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Your first steps into the Web cosmos

Step 1: Starting up Virtual Places

As there are many versions of VP for different platforms, there are many ways to start the program.

Starting VP in Windows 3.11

  1. Locate the Virtual Places program group.
  2. Double-click on the VPlaces icon.

Starting VP in Windows 95

Double-click on the shortcut to Virtual Places (or Talk! by Excite) or select from the Start .menu, Programs then Virtual Places.

Starting VP on the Macintosh

Double-click on the VP icon on your desktop or in the folder in which you installed VP.

As I describe the VP interface, I will be using the open community under VP 2.0 and 2.1. I will occasionally show screens from the AOL version. Most VP versions are so similar that you should have no trouble with the descriptions here matching your version.

Step 2: Creating your identity

In all versions of VP, you will be asked to create your identity. This involves filling out a few dialogue boxes and choosing your starting avatar.

Figure 10.6 Vp9o.jpg
Fill out the Identity dialogue to immigrate to Virtual Places.

As the preceding figure shows, the Identity dialogue is pretty simple. You have to fill in your nickname and your e-mail address. The other information is optional. The second tab in this dialogue allows you to give more information about yourself, such as gender, hobbies, etc. In the AOL version, your identity is already tied to your AOL screen name.

Figure 10.7 Vp9n.jpg
Select an avatar from the Personal Avatars dialogue.

Next, you should select your own avatar. You could, of course, stay with the default avatar (the masked man) but who wants to be walking around looking like some kind of strange face on Mars? You can select your avatar from the stock library or personal library. Stock avatars are provided by Virtual Places but these are pretty generic looking. Personal avatars have more character, and you can import custom-made avatars from several personal avatar libraries on the Web or by scanning them in from pictures or artwork. I detail how to do this later in the chapter.

Note that you can always change your avatar and identity at a later time. Simply right-click (click and hold on the Macintosh) on your avatar and select Identity.

Step 3: Attaching to the browser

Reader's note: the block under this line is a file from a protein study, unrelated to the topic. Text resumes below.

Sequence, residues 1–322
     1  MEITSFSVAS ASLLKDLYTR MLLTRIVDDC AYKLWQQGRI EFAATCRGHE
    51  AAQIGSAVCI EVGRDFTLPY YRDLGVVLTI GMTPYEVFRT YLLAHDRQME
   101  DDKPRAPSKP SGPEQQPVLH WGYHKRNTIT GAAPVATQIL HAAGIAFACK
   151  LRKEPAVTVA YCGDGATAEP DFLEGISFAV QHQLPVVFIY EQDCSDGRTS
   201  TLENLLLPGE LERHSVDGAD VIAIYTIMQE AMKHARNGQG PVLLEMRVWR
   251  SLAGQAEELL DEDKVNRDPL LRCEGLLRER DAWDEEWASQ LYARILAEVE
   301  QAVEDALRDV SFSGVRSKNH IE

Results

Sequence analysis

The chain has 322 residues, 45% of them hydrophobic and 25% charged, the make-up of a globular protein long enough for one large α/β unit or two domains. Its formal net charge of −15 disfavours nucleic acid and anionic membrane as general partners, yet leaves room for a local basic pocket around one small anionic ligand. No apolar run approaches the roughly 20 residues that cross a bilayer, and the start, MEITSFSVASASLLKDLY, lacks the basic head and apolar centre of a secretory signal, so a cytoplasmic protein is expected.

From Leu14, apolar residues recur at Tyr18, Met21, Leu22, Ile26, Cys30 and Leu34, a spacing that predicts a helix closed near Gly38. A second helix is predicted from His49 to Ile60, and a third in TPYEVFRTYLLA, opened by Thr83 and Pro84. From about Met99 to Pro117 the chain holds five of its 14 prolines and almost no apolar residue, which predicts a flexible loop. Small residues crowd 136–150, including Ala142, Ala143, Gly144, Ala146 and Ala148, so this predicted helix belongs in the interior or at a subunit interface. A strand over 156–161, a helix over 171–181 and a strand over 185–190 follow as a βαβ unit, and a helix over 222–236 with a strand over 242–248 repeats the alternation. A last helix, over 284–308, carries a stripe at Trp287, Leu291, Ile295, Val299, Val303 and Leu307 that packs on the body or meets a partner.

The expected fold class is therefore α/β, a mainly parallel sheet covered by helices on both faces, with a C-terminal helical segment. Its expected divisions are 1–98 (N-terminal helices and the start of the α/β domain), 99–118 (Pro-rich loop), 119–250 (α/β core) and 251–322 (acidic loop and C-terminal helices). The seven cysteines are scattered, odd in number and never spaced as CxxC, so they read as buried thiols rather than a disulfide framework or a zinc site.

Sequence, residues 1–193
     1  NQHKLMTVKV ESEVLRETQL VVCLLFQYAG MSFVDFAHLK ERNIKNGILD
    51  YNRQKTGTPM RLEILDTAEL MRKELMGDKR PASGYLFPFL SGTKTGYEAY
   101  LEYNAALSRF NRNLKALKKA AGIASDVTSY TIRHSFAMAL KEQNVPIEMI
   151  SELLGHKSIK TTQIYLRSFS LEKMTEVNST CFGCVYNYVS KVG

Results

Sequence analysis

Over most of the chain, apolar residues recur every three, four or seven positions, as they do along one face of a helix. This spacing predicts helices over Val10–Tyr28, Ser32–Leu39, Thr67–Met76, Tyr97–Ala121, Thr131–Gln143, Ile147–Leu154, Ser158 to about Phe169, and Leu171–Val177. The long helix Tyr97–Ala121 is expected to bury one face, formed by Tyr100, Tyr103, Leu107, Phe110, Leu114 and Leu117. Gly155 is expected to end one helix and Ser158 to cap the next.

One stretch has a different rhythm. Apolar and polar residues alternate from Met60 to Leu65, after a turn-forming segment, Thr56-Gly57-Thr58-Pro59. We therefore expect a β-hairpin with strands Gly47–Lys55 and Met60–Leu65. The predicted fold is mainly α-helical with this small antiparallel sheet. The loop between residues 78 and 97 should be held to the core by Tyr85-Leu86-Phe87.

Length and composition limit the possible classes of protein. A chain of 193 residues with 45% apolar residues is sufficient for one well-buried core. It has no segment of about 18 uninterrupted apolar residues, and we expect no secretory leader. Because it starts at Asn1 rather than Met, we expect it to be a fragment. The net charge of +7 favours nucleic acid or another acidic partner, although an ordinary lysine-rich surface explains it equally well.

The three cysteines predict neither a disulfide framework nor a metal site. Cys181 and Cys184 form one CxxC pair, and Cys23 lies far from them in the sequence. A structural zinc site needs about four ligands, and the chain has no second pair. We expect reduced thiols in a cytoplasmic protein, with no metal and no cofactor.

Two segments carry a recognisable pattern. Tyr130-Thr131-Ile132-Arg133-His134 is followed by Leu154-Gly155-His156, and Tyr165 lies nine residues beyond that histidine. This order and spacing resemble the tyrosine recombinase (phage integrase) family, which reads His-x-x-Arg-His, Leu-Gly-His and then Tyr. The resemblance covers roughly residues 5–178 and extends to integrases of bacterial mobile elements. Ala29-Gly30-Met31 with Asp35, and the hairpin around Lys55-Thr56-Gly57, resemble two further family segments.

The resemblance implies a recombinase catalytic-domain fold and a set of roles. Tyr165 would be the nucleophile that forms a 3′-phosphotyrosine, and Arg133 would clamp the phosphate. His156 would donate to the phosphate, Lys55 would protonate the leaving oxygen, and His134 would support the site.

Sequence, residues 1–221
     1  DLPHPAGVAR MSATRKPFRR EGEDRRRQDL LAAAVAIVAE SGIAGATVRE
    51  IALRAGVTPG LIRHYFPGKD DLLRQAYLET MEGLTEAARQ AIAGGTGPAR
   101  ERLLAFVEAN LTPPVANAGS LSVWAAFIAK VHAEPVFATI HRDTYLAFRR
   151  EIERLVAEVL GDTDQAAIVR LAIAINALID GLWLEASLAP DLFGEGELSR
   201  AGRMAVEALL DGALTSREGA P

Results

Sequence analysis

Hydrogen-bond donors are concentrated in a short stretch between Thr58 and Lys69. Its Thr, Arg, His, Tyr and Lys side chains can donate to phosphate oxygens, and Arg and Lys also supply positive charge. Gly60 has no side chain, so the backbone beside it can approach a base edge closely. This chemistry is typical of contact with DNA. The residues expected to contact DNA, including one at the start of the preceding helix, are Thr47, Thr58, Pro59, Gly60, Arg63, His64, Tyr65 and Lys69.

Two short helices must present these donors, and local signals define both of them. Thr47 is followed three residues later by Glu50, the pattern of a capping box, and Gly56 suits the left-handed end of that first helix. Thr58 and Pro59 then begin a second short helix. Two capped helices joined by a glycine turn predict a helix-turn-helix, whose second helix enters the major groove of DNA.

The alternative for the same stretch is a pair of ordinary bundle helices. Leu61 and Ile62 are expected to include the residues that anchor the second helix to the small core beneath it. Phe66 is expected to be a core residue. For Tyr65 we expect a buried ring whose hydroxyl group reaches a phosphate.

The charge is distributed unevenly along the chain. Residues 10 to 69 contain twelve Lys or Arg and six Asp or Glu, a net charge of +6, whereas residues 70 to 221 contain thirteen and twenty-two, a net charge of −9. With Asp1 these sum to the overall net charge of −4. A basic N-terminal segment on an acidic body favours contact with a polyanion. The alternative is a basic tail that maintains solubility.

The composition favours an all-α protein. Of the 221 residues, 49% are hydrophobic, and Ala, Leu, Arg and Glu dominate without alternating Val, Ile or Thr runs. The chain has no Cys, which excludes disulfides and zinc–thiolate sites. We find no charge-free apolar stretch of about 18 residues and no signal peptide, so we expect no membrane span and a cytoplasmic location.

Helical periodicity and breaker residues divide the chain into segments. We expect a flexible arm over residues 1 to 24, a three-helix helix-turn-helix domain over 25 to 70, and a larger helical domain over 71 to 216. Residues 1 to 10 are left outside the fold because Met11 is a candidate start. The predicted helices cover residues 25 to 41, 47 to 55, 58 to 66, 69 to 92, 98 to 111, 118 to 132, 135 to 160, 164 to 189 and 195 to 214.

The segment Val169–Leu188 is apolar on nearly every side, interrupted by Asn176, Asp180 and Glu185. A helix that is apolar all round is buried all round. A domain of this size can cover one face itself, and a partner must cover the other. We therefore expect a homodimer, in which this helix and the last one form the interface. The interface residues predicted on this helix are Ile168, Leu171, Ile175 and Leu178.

After you have started Virtual Places and created your identity, it should have started your Web browser and then automatically connected to the default community server. This ìattach to the browserî phase is important, as VP cannot run without a Web browser. Versions 2.0 and 2.1 run entirely within Internet Explorer 3.0. The AOL version starts up a Web browser inside AOL itself. The other versions start Netscape on its own and build windows around it to provide the interface. If VP cannot attach to a Web browser, you may have to reinstall that browser. Make sure you have the right browser and right version installed for your version of VP (see Table 10.1).

Step 4: Connecting to a community server and entering a room

Figure 10.8 Vp9s.jpg
The VP Places Directory shows the first room closed because there are too many people there already.

Next, the VP software will attempt to connect to a community server and bring up the Web page associated with the entry chat room for that server. After that, VP will try to place your avatar into the entry room for that community.

If you cannot connect to a community server, or if a room is full, I recommend that you try again later, as the server may be down. If you cannot join the entry room for that community server, you will be presented with a dialogue box called the Places Directory (also called the Places Selector). You can see an example of the Places Directory in the preceding figure. This will allow you to select and go to a room that is not full. There is a room occupancy limit of 25, which keeps the pace of chat down to a readable level. If you want to wait for a chance to enter the full room, you can cancel the Places Directory dialogue and opt to become an observer.